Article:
Wednesday, October 24, 2007

Sound of the Beast: The Complete Headbanging History of Heavy Metal, by Ian Christe

(hb; 2003: non-fiction)

From the inside flap:

"From its cataclysmic beginning with Black Sabbath more than thirty years ago to the hyperactive nu metal bands ripping apart the charts today, heavy metal has become the dominant musical force around the globe. Yet despite selling more than a quarter-billion albums and breaking into new markets wherever it can be heard, metal has never been given a complete overview of its dark, powerful, and untamed history -- until now.

"Included here are heavy metal's primitive origins, the rise and fall of MTV hair metal, Metallica's successful quest for world domination, the devilish frenzy of Florida death metal, the church-burning fever of Scandinavia's morbid teen terrorists, and metal's return to center stage at the hands of Ozzy Osbourne and Ozzfest.

"Plus readers will get:

"Twenty chapters based on interviews with Black Sabbath, Metallica, Slayer, W.A.S.P., Slipknot, and more than one hundred other great heavy metal bands.

"A timeline of the most explosive happenings in metal from 1970 to 2002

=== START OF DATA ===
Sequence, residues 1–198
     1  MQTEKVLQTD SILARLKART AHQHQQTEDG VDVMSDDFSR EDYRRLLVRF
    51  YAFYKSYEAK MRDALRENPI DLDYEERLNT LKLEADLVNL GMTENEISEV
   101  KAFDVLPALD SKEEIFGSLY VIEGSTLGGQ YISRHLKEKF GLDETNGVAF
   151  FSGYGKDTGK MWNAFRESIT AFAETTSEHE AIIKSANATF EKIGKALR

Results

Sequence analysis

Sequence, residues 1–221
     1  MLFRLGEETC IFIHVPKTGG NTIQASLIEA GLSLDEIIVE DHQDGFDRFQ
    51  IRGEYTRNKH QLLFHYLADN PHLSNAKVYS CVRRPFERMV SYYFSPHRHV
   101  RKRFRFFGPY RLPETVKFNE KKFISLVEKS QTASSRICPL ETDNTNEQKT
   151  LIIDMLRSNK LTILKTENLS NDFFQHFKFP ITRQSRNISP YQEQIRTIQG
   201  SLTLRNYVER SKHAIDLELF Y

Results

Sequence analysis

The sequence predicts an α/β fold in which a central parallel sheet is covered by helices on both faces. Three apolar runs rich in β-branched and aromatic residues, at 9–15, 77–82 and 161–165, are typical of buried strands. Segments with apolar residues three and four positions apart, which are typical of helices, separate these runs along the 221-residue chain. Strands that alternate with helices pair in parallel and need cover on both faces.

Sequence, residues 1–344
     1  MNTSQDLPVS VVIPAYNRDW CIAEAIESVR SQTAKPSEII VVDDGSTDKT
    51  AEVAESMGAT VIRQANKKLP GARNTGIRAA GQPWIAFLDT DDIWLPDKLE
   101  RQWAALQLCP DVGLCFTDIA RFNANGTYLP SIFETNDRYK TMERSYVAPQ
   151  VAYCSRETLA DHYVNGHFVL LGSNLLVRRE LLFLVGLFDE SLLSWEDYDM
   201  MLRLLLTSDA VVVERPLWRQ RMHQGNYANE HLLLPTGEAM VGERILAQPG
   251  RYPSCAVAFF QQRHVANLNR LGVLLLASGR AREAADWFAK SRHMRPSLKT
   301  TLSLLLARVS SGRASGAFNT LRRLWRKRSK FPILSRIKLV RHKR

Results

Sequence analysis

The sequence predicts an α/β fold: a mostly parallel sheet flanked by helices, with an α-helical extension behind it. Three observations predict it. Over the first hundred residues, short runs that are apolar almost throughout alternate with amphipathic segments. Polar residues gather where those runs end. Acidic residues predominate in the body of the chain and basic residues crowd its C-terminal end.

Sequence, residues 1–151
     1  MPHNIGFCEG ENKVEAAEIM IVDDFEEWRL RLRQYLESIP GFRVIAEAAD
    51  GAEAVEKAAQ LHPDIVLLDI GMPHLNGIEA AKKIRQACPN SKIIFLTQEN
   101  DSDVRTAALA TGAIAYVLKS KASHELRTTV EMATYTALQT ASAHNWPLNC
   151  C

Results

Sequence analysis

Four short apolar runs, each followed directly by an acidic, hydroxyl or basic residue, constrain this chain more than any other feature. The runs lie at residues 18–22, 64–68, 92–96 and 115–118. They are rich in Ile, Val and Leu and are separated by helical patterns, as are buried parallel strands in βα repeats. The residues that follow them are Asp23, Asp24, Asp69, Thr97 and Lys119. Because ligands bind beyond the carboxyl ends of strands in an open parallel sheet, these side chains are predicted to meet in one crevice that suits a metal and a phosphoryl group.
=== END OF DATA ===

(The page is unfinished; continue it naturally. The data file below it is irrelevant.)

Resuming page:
"A list of twenty-five heavy metal masterpieces that changed music history

"Genre boxes breaking down dozens of metal styles, from thrash and black metal to avant-garde and beyond, including essential CDs

"Exclusive insights from Chuck D of Public Enemy, Iron Maiden artist Derek Riggs, the directors of Paradise Lost, and more..."

Review:

Christe provides an excellent overview of metal, its effect on society (and vice-versa), and its musical permutations into subgenres over the past thirty-something years, making this real-life narrative -- much of what was familiar to me, given that I'm a metalhead -- more user-friendly for non-metal readers with genre-specific bullet lists and a detailed timeline. The writing is engaging and solid, with occasional flashes of appropriate metal-esque hyperbole; many of the interviews are illuminating (the star factor is impressive and knowing), with genre breakdowns that are well-defined and charted.

This is a gotta-read for any metalhead, and a great starting point (in terms of readership) for anybody interested in metal. Good stuff.

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